The Differential Effects of Relational and Group Collectivism on Social Motivation: Evidence from Two Cultures
Motivated by recent academic inquiry into the distinction between relational collectivism and group collectivism that characterize different cultures, I empirically investigate the differential effects of relational and group collectivism on social motivation across cultures. The present research contextualizes motivation in social interactions and illustrates the influences of different types of interaction partners on social motivation through self-construal. To unpackage the psychological process in which social motivation is elicited, I develop a two-step theoretical model: In the first step, I examine how different types of interaction partners activate the individual, relational and collective aspects of the self construal. The second step of my model investigates how the activated self-construal shapes individuals' social motivations toward their interaction partners.
Empirical studies were conducted in an individualist culture (US) and a collective culture (Singapore). Results from the studies identified both culturally specific and culturally universal patterns in self-construal activation. Interacting with a friend elicits relational self across both cultures. When interacting with a stranger, members of individualist cultures activated their collective and relational selves whereas members of collectivist cultures activated their individual self. Another interesting finding is that interacting with an ingroup member evokes the relational aspect of the self-construal in collectivist cultures, but it elicits the collective aspect of the self-construal in individualist cultures. An outgroup member evokes the collective aspect of the self-construal across both cultures. The studies also examined the link between the activated self-construal and its motivational consequence, and established the mediating effect of self-construal between interaction partner and social motivation. Applying the two-step model to both individualist and collectivist cultures, I demonstrate that individualist and collectivist cultures vary in the self-construal activation process in response to different types of interaction partners, but once certain aspect of the self is activated, it is likely to lead to the same social motivations across the two cultures.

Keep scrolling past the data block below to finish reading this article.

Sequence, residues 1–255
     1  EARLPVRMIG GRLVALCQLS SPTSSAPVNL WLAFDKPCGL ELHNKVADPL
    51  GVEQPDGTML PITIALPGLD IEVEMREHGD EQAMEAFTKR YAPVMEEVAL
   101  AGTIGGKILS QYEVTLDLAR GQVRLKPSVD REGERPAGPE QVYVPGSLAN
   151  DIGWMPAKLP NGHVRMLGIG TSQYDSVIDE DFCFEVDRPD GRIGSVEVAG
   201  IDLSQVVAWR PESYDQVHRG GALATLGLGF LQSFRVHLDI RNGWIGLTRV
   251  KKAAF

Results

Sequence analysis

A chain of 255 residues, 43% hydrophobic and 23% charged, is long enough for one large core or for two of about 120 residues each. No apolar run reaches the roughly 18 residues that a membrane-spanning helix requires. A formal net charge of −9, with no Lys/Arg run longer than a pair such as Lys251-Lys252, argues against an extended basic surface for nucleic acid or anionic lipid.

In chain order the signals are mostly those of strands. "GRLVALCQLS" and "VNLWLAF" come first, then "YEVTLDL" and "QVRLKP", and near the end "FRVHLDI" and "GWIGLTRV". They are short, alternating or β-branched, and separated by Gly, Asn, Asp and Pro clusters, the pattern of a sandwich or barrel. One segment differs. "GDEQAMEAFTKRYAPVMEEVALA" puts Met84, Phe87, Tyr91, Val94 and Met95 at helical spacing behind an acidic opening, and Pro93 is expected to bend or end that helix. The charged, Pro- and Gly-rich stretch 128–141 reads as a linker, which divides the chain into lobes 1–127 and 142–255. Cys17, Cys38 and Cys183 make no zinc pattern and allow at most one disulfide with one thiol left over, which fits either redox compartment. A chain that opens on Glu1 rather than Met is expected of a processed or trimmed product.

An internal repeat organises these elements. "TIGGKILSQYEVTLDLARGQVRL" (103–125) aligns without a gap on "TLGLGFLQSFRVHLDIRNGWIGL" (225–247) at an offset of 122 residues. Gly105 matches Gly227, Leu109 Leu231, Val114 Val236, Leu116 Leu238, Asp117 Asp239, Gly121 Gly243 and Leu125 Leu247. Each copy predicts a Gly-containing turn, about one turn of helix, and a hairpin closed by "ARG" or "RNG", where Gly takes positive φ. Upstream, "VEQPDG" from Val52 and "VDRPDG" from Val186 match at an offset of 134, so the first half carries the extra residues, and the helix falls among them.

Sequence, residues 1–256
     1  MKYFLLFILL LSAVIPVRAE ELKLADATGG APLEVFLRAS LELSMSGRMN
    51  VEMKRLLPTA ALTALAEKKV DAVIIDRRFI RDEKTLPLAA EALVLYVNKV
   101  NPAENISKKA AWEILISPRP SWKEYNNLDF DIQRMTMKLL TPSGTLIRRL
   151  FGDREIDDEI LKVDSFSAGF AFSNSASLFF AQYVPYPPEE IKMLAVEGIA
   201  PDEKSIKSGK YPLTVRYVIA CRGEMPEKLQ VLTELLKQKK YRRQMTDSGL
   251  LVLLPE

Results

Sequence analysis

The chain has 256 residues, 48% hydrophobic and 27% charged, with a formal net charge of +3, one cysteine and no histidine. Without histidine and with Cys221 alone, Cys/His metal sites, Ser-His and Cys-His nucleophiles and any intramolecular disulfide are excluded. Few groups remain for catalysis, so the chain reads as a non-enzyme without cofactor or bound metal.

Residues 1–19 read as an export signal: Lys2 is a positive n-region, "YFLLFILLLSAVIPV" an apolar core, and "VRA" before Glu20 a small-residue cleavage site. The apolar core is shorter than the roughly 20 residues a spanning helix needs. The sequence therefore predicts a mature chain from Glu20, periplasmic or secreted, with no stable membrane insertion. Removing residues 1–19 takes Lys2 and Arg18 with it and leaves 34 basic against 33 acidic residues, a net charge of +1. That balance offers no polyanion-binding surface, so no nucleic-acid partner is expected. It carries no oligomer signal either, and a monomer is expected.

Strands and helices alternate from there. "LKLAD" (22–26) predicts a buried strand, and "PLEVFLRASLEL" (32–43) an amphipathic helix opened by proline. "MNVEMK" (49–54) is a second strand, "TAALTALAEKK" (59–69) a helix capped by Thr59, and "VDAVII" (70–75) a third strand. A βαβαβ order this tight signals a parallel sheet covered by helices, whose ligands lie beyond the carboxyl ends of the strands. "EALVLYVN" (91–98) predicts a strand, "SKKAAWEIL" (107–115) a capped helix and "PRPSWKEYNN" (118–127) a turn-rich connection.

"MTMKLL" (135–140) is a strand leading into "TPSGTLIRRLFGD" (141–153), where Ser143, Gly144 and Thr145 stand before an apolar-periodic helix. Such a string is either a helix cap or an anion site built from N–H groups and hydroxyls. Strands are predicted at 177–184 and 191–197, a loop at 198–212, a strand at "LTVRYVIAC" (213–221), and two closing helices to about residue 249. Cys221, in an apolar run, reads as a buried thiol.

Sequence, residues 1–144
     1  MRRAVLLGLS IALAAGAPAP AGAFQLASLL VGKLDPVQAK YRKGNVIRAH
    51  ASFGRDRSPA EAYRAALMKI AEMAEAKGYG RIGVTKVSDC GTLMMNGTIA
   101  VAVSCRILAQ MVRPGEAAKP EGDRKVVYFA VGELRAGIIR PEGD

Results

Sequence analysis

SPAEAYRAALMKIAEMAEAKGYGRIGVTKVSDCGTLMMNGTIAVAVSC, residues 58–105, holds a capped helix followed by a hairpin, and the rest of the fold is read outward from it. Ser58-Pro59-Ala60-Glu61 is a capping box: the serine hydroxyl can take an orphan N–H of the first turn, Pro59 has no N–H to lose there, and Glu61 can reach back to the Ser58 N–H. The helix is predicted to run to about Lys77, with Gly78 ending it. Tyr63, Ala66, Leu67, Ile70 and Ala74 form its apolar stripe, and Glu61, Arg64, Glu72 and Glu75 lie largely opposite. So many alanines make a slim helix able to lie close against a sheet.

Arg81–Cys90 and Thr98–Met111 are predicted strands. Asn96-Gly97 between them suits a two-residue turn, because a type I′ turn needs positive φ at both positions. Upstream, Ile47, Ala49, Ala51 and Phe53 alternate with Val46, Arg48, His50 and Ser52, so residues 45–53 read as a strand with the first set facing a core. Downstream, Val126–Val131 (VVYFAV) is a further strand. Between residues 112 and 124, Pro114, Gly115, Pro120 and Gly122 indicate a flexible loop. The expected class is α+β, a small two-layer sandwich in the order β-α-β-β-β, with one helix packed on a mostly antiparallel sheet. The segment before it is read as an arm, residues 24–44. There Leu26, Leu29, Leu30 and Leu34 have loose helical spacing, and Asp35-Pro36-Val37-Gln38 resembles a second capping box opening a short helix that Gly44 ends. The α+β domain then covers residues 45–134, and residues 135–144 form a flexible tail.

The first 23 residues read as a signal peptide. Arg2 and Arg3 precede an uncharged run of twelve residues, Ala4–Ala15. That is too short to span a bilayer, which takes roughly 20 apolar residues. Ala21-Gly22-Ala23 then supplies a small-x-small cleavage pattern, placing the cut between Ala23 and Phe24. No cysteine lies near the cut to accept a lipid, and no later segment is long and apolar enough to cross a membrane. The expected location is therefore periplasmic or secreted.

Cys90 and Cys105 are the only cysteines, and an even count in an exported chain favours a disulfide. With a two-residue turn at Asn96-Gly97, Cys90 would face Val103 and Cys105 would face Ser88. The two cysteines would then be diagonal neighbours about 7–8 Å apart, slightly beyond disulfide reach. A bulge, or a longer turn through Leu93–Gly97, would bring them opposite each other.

This work is licensed under a Creative Commons Attribution-Noncommercial-No Derivative Works 3.0 United States License.
Rights for Collection: Duke Dissertations
Works are deposited here by their authors, and represent their research and opinions, not that of Duke University. Some materials and descriptions may include offensive content. More info